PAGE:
At any rate, the following piece by Jerry touched my heart in a number of ways, not least among them that I lost my father just over a year ago, on Nov. 11, 2009, and this spoke to me in very profound ways, though my father was only marginally like Jerry's (they were both cockmen, for instance). I really think you will enjoy this - especially if you love your father, as I did mine, and as Jerry clearly did his.

Sunday, January 16, 2011

Creative Sunday #6 Funeral

I'm pretty sure my father was dead. I mean there we were at the funeral home consoling and being consoled and there he was in the casket looking better than he had in years. Looking back on it though I don't think Dad was exactly dead. I think he was more like partially dead.

My father was Vivian Richardson. He was born in 1910 in Southwestern Virginia and went to work in the coal mines at thirteen after his father was crushed in a rock fall. He retired when he was sixty-two, lived for another seventeen years, and sort of died on February12th, 1990. Like I said though, I'm pretty sure he hung around a few more days getting things the way he wanted them before he headed out.

Dad was handsome and well-built. He was right at six feet tall, slim and quick, with powerful arms. He had strong, patrician features and intense blue eyes which were quick to anger and quicker to laugh. His hair was plentiful and had been silver-grey for years. He told me it changed color after he washed paint out of his hair with a bottle of Clorox. My mother vouched for this story but then again she and Dad were married for almost fifty-five years and worked closely together.

Dad noticed everything and found laughter in almost all of it. He preferred situational humor and if nothing was going on naturally he would take some time to help it along. That’s why I believe he was only partially dead. He wanted one more crack at things.

Religion had not been my father's main interest. I know he went to church when he was a young man because that was the only place to meet girls. He read the bible but I believe that was primarily for the history and adventure. He knew a good deal about the women in the bible and seemed to have a particular fondness for Delilah. Mary Magdalene was also one of his favorites. He said he had known quite a few women like her and they seemed to be, all in all, pretty noble people.

Dad no longer attended church and must have been viewed by the local ministers as a hard man to bring down. He was greatly respected for his honesty and for the way he raised his kids, but I don't think the local churches held out much hope regarding his celestial prospects.

I remember only one occasion when he attended church and this stemmed from an incident involving me. I was hitchhiking from Lynch to Cumberland, Kentucky where I attended Southeast Community College. It was a cold day and I had been passed up by at least thirty people who had known me all my life and who generally attended church on a regular basis.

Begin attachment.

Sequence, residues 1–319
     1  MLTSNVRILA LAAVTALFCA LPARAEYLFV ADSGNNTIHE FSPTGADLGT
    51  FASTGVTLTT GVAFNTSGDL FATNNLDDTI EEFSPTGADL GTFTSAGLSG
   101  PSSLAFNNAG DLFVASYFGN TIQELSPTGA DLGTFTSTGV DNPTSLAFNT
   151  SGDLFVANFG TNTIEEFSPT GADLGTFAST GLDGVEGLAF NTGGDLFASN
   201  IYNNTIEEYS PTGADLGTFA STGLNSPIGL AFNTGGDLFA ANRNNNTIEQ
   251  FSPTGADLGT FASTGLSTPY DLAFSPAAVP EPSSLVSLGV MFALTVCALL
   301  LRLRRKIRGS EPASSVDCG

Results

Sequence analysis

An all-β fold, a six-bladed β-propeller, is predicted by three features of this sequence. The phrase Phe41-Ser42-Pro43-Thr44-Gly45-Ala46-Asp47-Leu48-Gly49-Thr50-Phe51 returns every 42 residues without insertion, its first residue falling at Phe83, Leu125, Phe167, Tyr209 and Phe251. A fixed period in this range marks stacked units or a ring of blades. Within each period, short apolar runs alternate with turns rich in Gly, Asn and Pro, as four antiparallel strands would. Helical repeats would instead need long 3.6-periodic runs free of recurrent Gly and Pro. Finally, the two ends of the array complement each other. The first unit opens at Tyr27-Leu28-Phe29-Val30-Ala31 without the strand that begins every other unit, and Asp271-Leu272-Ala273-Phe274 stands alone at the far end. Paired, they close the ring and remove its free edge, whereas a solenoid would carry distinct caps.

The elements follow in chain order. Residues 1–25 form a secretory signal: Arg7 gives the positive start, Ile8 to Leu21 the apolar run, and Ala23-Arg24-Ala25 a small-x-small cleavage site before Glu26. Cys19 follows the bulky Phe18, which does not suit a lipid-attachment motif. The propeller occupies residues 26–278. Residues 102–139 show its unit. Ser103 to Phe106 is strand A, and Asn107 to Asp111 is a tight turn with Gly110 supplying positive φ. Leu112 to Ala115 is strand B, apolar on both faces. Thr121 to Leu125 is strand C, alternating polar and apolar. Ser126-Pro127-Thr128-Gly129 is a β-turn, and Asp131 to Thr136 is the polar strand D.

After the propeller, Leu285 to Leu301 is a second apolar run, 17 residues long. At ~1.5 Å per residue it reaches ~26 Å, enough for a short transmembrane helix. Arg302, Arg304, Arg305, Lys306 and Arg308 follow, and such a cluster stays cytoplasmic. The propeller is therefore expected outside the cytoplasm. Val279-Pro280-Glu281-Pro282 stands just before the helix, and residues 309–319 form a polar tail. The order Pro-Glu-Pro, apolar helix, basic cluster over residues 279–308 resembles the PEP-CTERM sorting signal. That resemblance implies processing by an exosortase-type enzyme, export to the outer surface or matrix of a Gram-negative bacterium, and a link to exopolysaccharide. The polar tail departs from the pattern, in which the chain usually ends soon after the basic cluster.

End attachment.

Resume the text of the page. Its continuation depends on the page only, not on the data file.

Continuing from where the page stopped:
Finally, a young man I did not know stopped and gave me a lift. He said he was the new minister at the First Baptist Church and also said he was thrilled to be in Lynch. He said the people were wonderfully kind and Christian and he couldn't think of a place he’d rather be.

I told him I’d rather be anywhere else; that the place had more hypocrites per square mile than any place on Earth. I said I didn't think Christians should leave their halos in the church. What they should do is take their good works out into the community. I was freezing and laid it on thick.

That Sunday Reverend Jones tore in to his flock at the Baptist church. According to my sisters, he preached long and hard about what it means to be your brother's keeper. He drew on the parable of "the good Christian who passes up a hitchhiker he has known since birth". He followed that with the parable of "the Christian who leaves his halo in the corner as he leaves the church". Dad said he had never heard of those parables. I told him I had.

Several weeks later Reverend Jones made a visitation and invited me to a revival. Dad said he was impressed and would go with me. Baptist revivals are wonderful events where people dedicate or re-dedicate themselves to Christ. They laugh and cry and in general express their emotions in ways they wouldn't ordinarily do.

When we entered the church, people were still milling around laughing and socializing. The air was one of nervous expectation as the guest minister was a man of considerable reputation. He was noted with some envy by fellow ministers to be a persuasive man who was "...beloved by the Lord and feared by the devil".

I had never seen Dad so polite. He shook hands with astonished parishioners, asked about their families, commented on the beautiful fall weather, and gradually steered us to a pew about halfway back. I looked across the church and saw several of the deacons glancing our way and patting Reverend Jones on the back. You could feel the satisfaction throughout the room.